Critical Analysis of a Leaner's Language

Critical Discourse Analysis of a Non-Native Speaker of English
It should be noted that English is John’s third language behind Kikuyu (tribal) and Swahili (national).

This Essay will involve a microanalysis of a 10 minute Listen and Respond exercise between Kenyan student, John Njoroge (J) and Tutor, I (S); and also a written piece by John. This also includes assessing his competency against the adult core curriculum in appendix 2.

Phonetics and Pronunciation:
John’s phonetic pronunciation is heavily influenced by his Swahili-variant mother tongue, Kikuyu. His pronunciation of ‘management’ usually /mænɪdʒ'mənt /is “/mæn'ædʒˌmənt/” with the primary stress moved to the second /æ/ and /mənt/ taking the secondary stress as ‘stress in Swahili is typically on the penultimate syllable’ (Vitale, 1982). This pattern repeated itself in most of John’s speech, the SE pronunciation of ‘integrate’ being /'ɪntɪˌɡreɪt/ was pronounced by him as /ˌɪnt'agreɪt. Both words have phonetic changes to their primarily stressed vowels, ‘as vowels are never reduced in Swahili, regardless of stress’ and therefore are pronounced as a separate syllable; unlike in SE (Deshmukh, Oirere & Shrishrimal, 2013). The stress placement in Swahili also accounts for the assumed inquisitive intonation at the end of John’s sentences which can hinder understanding of tone to the listener.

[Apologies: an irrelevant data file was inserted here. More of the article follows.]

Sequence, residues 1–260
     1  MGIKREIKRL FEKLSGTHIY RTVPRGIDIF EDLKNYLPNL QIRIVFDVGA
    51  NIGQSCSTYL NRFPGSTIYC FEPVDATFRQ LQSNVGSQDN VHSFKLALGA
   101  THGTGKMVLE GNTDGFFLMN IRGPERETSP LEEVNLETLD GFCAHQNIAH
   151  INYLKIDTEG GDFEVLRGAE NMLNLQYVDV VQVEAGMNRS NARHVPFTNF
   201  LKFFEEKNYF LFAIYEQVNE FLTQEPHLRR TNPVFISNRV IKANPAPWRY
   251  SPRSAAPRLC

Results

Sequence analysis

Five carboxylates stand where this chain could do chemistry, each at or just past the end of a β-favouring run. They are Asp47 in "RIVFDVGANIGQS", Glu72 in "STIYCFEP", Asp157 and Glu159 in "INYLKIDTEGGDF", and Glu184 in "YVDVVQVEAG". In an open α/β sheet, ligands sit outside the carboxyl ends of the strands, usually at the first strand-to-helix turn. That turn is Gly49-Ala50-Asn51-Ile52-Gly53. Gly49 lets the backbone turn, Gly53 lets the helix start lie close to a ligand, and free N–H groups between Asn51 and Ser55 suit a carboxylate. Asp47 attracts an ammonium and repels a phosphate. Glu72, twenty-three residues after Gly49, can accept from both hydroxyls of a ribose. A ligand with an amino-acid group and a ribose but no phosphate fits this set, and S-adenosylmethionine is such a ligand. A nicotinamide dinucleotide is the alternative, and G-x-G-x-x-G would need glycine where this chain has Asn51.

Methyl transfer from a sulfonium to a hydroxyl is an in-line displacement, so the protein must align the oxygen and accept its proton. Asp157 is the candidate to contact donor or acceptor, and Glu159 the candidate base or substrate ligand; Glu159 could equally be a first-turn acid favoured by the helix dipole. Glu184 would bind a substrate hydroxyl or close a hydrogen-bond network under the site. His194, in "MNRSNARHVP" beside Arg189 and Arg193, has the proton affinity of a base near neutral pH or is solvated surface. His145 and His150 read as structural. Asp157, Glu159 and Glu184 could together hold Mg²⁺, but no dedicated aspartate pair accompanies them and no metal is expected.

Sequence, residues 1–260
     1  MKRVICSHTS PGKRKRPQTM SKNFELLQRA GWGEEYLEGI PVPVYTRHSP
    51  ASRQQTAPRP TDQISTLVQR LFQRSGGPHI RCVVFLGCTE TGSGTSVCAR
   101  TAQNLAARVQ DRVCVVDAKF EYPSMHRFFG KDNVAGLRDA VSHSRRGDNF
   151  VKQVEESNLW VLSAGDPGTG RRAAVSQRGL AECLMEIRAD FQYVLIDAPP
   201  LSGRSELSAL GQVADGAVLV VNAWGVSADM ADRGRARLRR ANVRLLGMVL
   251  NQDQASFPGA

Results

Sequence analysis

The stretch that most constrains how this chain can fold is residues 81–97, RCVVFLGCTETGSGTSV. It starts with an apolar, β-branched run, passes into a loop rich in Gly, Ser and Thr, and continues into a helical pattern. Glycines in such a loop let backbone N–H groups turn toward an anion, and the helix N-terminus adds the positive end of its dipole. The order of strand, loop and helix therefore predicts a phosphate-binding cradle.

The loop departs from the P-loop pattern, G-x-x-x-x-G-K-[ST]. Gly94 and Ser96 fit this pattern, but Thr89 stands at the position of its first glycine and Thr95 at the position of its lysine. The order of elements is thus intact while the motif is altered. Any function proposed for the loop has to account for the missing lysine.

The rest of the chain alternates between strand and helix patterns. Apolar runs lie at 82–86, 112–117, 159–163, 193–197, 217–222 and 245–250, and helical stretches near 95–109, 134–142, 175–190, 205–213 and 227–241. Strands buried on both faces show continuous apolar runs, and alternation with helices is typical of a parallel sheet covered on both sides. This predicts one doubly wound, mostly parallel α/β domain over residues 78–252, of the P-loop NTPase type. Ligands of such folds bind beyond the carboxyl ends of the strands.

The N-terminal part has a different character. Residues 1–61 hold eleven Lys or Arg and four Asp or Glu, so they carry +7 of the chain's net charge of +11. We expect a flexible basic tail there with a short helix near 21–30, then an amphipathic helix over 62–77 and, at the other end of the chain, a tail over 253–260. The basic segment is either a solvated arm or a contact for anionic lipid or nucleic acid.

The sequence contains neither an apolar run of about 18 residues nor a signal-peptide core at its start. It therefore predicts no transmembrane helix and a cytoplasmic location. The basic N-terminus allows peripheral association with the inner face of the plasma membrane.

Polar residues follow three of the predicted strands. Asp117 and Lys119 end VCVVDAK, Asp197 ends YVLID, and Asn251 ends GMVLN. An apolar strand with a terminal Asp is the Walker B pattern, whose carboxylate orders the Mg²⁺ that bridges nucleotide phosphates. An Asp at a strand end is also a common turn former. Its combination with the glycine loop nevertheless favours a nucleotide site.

John also has an anomaly in his otherwise well pronounced and wide encompassing lexical bank, the word ‘especially’ he pronounces ‘exspecially’. This can be attributed to English being his third language and therefore not being as familiar with the correct pronunciation, or having not been corrected when first pronouncing the word incorrectly.   John uses appropriate and accurately placed vocabulary such as ‘compulsory’ and ‘communication’ and also when describing Kenya’s political structures:
“In Kenya, we run our administration and government in the same way as it is in England” He...